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Homes of the Past: The Archaeology of an Iroquoian Longhouse
Ontario Iroquoians are made up of three groups: the Huron, the Petun and the Neutral. The Iroquoian peoples lived in the southern part of Ontario, and had a culture similar to the Iroquois of New York state. French Explorers and Missionaries (such as the Jesuits), spent many years living with the
Agriculturalists: People who rely upon crops they have planted and tended to themselves, rather than relying on gathering alone. Apartment: The named used by archeologists to describe the living space that belonged to one family. Each longhouse is made up of several apartments. Artifacts: Anything
Explore the Site
Besides post moulds, there are two main features made by Iroquoian peoples and found by archaeologists inside longhouses. These are fire pits or hearths, and storage pits. Below is an example of a floor plan of an Ontario Iroquoian longhouse. In this plan, the post moulds, hearths and storage pits
You are EJJ, a Red Knot!
Red Knots are a robin sized shorebird that have recently become an endangered species due to big declines in their populations . ROM Ornithologists have been helping to protect and better understand the problems this bird is facing. Come and see some of the work we've been doing. During the
My name is Pete (PT1) Sanderling
My name is Pete Sanderling. Can you guess why? The coloured flag was put on my leg by a scientist to learn more about how I live. You might call me a frequent flyer because I travel so much. I spend my winters as far south as South America and my summers in Canada's arctic.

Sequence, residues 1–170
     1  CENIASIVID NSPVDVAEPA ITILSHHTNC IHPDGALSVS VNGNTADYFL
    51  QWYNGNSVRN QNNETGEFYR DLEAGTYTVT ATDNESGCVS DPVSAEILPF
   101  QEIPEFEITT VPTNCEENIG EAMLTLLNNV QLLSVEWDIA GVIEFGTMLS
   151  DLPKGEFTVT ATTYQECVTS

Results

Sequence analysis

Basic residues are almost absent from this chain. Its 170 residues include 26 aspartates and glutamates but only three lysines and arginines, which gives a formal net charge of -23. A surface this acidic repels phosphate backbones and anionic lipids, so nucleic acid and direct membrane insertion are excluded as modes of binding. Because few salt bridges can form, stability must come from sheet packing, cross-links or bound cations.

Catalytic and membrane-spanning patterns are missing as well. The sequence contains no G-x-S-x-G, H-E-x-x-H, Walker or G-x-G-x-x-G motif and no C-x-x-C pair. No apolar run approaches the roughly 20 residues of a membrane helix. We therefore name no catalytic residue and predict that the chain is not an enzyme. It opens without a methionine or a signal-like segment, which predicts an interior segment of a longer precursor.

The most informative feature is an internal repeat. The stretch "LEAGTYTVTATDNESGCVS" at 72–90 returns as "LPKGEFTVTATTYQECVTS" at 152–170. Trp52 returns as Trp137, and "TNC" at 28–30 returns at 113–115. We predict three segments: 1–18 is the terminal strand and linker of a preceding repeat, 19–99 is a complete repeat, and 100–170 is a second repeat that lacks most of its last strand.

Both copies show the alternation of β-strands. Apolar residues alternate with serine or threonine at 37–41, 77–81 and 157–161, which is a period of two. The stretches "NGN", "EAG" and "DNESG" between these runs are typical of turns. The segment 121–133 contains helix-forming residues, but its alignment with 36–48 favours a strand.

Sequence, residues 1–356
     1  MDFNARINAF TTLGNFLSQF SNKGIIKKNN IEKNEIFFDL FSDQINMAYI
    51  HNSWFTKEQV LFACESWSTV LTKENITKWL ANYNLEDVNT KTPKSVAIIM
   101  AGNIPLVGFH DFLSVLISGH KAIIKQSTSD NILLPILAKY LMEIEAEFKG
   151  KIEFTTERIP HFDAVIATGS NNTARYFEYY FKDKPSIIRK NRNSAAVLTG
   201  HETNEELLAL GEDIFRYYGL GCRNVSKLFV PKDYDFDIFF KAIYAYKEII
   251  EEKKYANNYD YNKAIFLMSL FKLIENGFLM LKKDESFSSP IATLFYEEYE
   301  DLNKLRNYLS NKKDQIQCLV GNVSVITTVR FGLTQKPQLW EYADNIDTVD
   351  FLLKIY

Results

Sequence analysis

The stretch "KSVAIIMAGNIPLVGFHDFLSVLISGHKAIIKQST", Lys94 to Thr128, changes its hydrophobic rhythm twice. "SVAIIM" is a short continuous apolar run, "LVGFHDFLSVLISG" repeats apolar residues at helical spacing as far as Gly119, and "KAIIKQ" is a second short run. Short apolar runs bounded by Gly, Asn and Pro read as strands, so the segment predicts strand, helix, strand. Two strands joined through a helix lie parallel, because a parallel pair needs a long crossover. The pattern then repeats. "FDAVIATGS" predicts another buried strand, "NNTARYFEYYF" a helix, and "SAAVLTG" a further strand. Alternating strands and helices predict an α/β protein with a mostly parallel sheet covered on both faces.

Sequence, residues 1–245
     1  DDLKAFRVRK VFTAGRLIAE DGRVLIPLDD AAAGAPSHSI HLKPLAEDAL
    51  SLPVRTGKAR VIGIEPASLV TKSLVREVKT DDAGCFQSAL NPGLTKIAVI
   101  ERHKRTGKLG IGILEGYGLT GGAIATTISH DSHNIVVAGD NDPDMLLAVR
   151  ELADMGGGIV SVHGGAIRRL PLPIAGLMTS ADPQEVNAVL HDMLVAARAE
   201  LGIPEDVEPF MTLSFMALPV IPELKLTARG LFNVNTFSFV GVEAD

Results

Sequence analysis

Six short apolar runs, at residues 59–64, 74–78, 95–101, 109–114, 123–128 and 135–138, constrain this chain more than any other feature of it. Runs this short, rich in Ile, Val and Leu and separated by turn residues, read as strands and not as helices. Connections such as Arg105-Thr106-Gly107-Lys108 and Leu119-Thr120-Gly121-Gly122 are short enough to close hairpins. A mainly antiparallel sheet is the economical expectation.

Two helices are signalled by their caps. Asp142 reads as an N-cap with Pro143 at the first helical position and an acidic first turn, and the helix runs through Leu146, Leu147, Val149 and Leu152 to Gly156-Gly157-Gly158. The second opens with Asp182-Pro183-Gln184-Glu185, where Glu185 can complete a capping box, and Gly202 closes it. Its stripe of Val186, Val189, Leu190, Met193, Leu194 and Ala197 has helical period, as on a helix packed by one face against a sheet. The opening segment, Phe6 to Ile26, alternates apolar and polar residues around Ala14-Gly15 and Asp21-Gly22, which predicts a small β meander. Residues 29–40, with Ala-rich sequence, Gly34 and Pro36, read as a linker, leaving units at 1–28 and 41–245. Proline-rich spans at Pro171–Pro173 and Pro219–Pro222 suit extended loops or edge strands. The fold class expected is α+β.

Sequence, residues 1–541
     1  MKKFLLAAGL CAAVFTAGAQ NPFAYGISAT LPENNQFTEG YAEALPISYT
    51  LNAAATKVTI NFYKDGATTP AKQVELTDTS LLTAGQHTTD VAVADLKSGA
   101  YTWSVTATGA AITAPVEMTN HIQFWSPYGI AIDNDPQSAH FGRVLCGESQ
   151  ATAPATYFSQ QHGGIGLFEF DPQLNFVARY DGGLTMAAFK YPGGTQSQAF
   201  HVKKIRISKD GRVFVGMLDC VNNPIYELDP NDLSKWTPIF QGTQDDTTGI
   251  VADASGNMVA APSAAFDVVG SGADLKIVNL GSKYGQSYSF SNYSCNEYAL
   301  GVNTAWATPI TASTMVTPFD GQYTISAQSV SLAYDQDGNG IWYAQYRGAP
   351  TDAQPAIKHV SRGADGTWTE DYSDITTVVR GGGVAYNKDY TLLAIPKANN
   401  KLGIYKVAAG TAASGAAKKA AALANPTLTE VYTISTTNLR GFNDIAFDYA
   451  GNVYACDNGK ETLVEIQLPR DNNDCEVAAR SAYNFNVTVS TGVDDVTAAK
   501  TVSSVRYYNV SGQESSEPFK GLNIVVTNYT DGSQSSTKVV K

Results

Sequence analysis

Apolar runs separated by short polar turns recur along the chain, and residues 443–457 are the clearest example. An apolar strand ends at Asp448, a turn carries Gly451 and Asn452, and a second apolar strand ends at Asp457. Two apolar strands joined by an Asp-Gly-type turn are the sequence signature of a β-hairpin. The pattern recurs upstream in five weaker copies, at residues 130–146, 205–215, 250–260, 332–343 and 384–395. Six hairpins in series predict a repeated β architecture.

Timmy (TM1), the Ruddy Turnstone
I am a shorebird known as a Ruddy Turnstone. Like many shorebirds species our numbers are starting to show a serious decline. ROM researchers are studying turnstones and other shorebirds so we can learn more about the problems they are facing and protect them. I have been given the name Timmy,
Layer Profile- Munsell Site (A Fictional Historic Excavation)
The Munsell site is a fictional historic site created by the ROM, and located in Toronto. Let's assume the original Munsell home is still standing. Historic research from primary sources, (records written when the Munsell family were still living on the site) show that the house was built in
Layer One- Sod and topsoil layer
Pharmaceutical or medicine bottles were common in the 19th and 20th centuries until it was no longer legal to sell "medicines" without a licence. People, especially women due to the large number of "medicines" devoted to relieving "female problems," were becoming
Layer Three- Mixed occupation and fill layer
Here is what was found in layer 3- a piece of flow blue, transferware ceramic, which dates from around the mid 1830s. Transferware was less expensive than imported, hand painted Chinese porcelain, and the affordability of flow blue items were attractive for many Victorian middle class families.
Layer Four- Fill from the top part of the privy, thrown into level off the hole
Here is what was found in layer 4- a crown cap closures on soda pop bottles, which dates from after 1892 in the US. This means that the date for Canada would be slightly later, because it would take some time for the technology to travel north to Canada. Although not as popular now as they were